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Pasco commissioners struggle over possible 'worm farm' rezoning

DADE CITY — Blame the "worm farm."

The squiggly lines on the map that outlined 134 lots of proposed tract housing on the south end of Berry Hill Estates made Pasco County commissioners squirm — and led to a two-hour struggle over how to handle a developer's rezoning request to put 266 homes on 403 acres across from Pasco-Hernando Community College.

"This is a very important area for us," new commission Chairman Jack Mariano told planner Mike Holbrook on Tuesday as commissioners voted to delay a decision until Jan. 6. "If we make a move on this, we'd be pulling a trigger."

The plan was the first to be proposed under new rules that allow for "conservation subdivisions." Such developments allow higher density developments as long as they meet certain requirements, such as setting aside 50 percent of land as open space.

Land owner Tracy Harris had proposed building homes on various lot sizes, with one area of higher density that would be hooked up to Dade City water and sewer.

Opponents nicknamed that area the "worm farm."

They argued that the lots were too small to be placed next to parts of the site that fall into the county's rural protection area.

"The density will not only adversely affect the immediate neighborhoods but will set an unintended precedent for future development in the northeast Pasco rural area," project opponent Pat Carver said.

"This is the gateway," said Carol Cruz. "The first project you put here should make this rural area a beautiful place."

Those words resonated with commissioners.

"I think there's just too much down in that worm," said Commissioner Pat Mulieri. She urged the developers to return with a better plan.

"You could have something so special, so different. I taught at that college for 26 years. Property is not selling because it's not special. Why don't you think out of the box, think creatively? You could really get your money back."

Commissioner Michael Cox said he was also uncomfortable with the tract housing section, which developers said was earmarked for "work force" housing. Developers have said they need at least 266 homes on the site to make it profitable, though the site can be rearranged.

"I think it's kind of cool that we have this protected area. I can't support 266-home density on this property. I think you're going to have to make some sort of compromise," said Commissioner Ann Hildebrand.

But Commissioner Ted Schrader, in whose district Berry Hill lies, pointed out that the land can be developed under current zoning with no restrictions. Even mobile homes could go in.

"I'm concerned about the alternative," he said.

The development, which has lingered in the system for two years, has drawn tie votes when discussed by the county's top planners and the county Planning Commission, which is comprised of residents. Technically, the tie votes count as recommended denials.

The county's zoning office had recommended approving the rezoning request with conditions.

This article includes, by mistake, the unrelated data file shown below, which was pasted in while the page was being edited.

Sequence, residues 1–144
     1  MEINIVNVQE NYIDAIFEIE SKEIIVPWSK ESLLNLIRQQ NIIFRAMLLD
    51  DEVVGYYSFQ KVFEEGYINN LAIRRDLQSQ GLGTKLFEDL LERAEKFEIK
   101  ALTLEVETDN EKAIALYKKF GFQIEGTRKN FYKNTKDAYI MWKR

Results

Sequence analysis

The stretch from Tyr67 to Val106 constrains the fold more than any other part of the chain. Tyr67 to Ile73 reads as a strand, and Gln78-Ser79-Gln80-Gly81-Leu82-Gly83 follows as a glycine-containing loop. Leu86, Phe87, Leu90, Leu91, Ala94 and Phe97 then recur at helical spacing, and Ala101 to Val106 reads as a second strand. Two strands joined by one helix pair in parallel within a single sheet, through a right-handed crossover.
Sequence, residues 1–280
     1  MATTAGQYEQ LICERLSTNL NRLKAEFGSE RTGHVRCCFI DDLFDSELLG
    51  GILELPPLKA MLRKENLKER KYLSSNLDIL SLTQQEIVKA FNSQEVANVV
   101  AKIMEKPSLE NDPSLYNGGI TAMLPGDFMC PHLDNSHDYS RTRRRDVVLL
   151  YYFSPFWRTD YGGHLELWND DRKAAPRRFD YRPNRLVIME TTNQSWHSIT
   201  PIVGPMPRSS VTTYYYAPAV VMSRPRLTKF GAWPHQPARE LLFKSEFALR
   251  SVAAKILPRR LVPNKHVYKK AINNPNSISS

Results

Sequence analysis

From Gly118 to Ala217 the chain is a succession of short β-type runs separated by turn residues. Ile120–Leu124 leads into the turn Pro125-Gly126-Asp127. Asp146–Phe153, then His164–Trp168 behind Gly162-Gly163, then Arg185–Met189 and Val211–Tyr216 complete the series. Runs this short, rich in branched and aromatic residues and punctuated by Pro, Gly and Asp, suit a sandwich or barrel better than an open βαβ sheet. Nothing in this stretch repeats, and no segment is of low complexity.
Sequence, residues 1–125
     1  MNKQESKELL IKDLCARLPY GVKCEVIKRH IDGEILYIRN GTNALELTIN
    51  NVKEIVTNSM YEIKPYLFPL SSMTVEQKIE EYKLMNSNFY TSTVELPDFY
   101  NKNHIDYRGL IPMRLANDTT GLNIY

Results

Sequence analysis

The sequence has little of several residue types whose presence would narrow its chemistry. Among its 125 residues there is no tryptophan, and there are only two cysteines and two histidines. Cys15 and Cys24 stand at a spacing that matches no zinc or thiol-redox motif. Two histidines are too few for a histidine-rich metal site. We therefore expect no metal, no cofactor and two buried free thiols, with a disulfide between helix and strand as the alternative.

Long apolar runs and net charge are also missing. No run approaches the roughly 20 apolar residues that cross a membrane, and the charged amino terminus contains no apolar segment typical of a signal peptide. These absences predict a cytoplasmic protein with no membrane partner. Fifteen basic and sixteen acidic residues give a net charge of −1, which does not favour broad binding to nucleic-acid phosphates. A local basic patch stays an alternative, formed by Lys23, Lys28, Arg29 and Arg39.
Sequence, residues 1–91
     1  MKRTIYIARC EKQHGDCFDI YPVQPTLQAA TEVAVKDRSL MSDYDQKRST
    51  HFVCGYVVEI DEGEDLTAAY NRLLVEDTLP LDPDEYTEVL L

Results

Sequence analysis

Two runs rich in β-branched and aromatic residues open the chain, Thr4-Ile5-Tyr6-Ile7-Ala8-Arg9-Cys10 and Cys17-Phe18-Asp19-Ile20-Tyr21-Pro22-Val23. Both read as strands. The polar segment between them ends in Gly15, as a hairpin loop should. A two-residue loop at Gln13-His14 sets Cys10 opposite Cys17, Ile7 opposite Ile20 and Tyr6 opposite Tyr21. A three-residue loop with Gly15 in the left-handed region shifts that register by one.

In other business

• Commissioners gave final approval Tuesday, despite strong opposition from real estate agents, to a foreclosure rescue plan that uses federal money to mainly rehabilitate older homes and provides less in direct down payment assistance.

The feds earmarked $19.5-million in emergency housing assistance in September to help Pasco County, one of the hardest-hit counties in the state by foreclosures. The county planned to use most of the money to provide down payment assistance loans of up to $15,000 to help lower-income families buy homes.

But on Nov. 5, community development director George Romagnoli told the County Commission that banks and U.S. Housing and Urban Development officials wanted the money to go toward fixing up the abandoned homes — some of which are old — to resist hurricanes and meet current codes before they are resold.

So the county rewrote its plan to use $10-million of the grant to allow nonprofit agencies to buy and rehabilitate homes. The amount set aside for down payment loans was cut to $6.5-million.

West Pasco Board of Realtors president Greg Armstrong and the heads of the county's other Boards of Realtors urged commissioners to keep most of the money in homebuyer loans to provide broader and faster relief. But county officials said they risked losing the grant if the federal agency rejected their proposal.

Money could start being used in January, but it must be committed within 18 months and spent in four years.

• Commissioners approved on consent a proposal to negotiate with two companies for the development of a proposed sports complex.

• Commissioners voted to spend $700,000 of Penny for Pasco money to buy 117 acres of Pasco Palms property near the county's Eagle Point park as part of the county's environmentally sensitive lands program.

• Commissioners approved a development agreement to help clear the way for investment company T. Rowe Price to build off State Road 54. The company cannot expand at its current Tampa location, and Pasco is vying with other states to land the new location. Cox said he had met with company officials on Friday and "they are very aware of what we did today."

• Commissioners voted Mariano as the new chairman, replacing outgoing Chairman Schrader. Mulieri was chosen vice chairwoman.

Lisa Buie can be reached at buie@sptimes.com or (813) 909-4604.

Pasco commissioners struggle over possible 'worm farm' rezoning 11/25/08 [Last modified: Thursday, November 27, 2008 1:13pm]
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